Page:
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Why Magnum Research’s BFR excels on Safari :: Guns.com

Why We Chose BFR for Dangerous Play

A Cape buffalo is not an easy animal to hunt. When hunting dangerous game, you need to choose the right firearm. The BFR was that gun for me. (Photo: Kristin Alberts/Guns.com)


This isn’t our first rodeo with a BFR. In fact, over the past few years we have owned and fired the gun in .30-30 Winchester as well as a nice custom shop .375 Winchester / .38-55 Victory combination. So when a last minute opportunity arose to hunt Cape buffalo with a handgun, packing a BFR was a no-brainer. They are all American, built like tanks, stainless steel, smooth and optics ready.

But which room would be the best? While the aforementioned .375 Win would surely get the job done, we were hoping for greater availability of factory and load ammunition given the short time to prepare. The venerable, old-school, beating .45-70 Gov’t would be perfect.

Magnum Research Revolver .45-70 Gov't BFR

Yes, there were also no problems with this big and beautiful nyala. (Photo: Kristin Alberts/Guns.com)

Magnum Research Revolver .45-70 Gov't BFR

And also with this pretty springbok. (Photo: Kristin Alberts/Guns.com)


We considered other options such as S&W Performance Center in .460 S&W—which another camp hunter was packing—but preferred the BFR construction and the .45-70 option. The wide range of chamberings on a Competitor T/C was also attractive, especially in some of the hard hitting and unique rounds like a .375 JDJ, but the BFR and its five round capacity won out again. There are Weapons of Freedom, Bulland others that also pack capable cartridges, but when you’re comfortable with a gun and the hunt of your life hangs in the balance, don’t switch.

Real-world field impressions

Magnum Research Revolver .45-70 Gov't BFR

Despite harsh conditions and rough baggage handling for various flights, the BFR performed flawlessly. (Photo: Kristin Alberts/Guns.com)


Spoiler alert. There was not a single problem with the BFR in his African adventure. It was fluid, precise and practical. He proved to be more than capable on everything from plains play like nyala and springbok to main goal cape buffalo. We prepared and packed a mix of ammunition including Federal premium hammer down – which would be shared with our Henry All Weather Rifle – as well as heavier lead.

The BFR comes with a scope base which is mounted by removing the rear iron sight, so it was a breeze to add our chosen straight Leupold M8 2x scope. The chosen weapon and ammunition was checked after each bush flight or camp move and nothing changed despite what appeared to be the airline’s best efforts. Whether you order a factory production standard BFR or one of the super soft customs from their specialty store, the action is smooth, the tolerances tight and the precision on point.

Federal Hammer Down Ammunition

There’s a reason we went with the hard-hitting Federal Hammer Down .45-70. (Photo: Kristin Alberts/Guns.com)


We didn’t pull and measure multiple groups to split the hair over a quarter inch. It didn’t take long to get comfortable with our chosen loads at the distances we were comfortable with – 70 yards max from a solid rest, 40 yards or less from a quick rest on the poles. To be clear, guns and ammo are capable of a lot more, but that’s our personal limit.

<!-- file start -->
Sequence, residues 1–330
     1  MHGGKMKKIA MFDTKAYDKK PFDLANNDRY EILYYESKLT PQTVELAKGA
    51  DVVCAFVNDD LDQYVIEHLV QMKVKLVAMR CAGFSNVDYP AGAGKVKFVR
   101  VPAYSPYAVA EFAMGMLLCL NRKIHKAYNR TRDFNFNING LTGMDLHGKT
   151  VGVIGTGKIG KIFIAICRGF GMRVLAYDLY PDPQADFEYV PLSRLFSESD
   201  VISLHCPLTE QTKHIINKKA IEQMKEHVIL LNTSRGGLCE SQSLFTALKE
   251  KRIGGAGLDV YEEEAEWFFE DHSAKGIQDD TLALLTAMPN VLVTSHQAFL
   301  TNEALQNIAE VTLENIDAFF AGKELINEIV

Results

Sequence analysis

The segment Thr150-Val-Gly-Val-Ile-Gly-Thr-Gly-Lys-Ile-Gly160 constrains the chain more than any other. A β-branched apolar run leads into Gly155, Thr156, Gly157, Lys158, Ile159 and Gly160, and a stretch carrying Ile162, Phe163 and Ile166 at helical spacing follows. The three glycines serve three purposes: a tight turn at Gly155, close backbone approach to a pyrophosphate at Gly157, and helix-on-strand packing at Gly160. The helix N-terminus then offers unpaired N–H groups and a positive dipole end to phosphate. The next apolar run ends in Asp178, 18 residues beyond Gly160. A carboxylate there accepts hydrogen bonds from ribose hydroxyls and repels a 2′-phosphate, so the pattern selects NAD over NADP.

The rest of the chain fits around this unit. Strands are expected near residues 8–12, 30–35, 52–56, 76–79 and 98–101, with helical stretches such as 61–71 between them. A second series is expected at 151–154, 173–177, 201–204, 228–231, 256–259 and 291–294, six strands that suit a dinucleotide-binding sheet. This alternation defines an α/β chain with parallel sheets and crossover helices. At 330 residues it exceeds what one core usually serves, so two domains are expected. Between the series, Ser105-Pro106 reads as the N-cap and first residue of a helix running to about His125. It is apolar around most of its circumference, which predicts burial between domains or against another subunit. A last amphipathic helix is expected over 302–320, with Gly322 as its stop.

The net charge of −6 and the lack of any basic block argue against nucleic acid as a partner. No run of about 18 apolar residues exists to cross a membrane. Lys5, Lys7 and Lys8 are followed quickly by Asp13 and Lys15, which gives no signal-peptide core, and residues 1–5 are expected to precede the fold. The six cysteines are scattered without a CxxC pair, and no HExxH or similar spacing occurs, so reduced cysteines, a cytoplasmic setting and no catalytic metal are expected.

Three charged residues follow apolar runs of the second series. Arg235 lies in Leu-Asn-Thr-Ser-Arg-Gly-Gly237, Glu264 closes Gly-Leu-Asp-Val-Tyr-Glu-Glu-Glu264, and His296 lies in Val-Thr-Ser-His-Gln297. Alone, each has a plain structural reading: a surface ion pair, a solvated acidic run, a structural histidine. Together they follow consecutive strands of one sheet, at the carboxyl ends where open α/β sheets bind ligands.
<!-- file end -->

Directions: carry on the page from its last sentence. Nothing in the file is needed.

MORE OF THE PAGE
We knew the vast majority – if not all – of the shots would come from shooting sticks, so we practiced a lot that way. The gun could be fired lightly, but that longer barrel is hard to stabilize for a while, especially when the adrenaline is rushing. Storing such a bulky handgun can be tricky, but when we set out on foot after the buffalo, we found the Triple K Big Thunder Torso Rig worked well, dissipating the weight and allowing for hands-free hiking and glass. All other questions we have been asked on the platform come down to hindsight.

The issue of hindsight

Hunter Shooting the Henry All-Weather Lever Action Rifle

Of course, the .45-70 is a beefy barrel even in a Henry All-Weather lever action rifle – like this one that also joined us on the hunt. But with reasonable expectations and practices, plus the fact that our BFR weighed nearly 7 pounds, it’s a great hunting companion. (Photo: Kristin Alberts/Guns.com)


Yes, the .45-70 Gov’t has “kick” even in a rifle, and it’s a legitimate grip in a revolver. However, partner expectations with some serious range time, and that can be surprisingly manageable for most. Remember, this is not a light gun. With our bezel mounted and a full five-shot cylinder, the scale needle hits almost 7 pounds. This weight certainly helps mitigate the recoil.

Buyers have a choice of white polymer or black rubber grips, and we definitely recommend the latter for controlling more powerful calibers. Again, we will always advocate only firing the amount of guns you are comfortable with and being able to place shots repeatedly. No matter how big or powerful the ball is, there is no substitute for correct shot placement. At the end of the day, however, the BFR turns heads and gets the job done in any chosen chambering. We could – and we will – for white-tailed deer as easily as we have for Cape buffalo.

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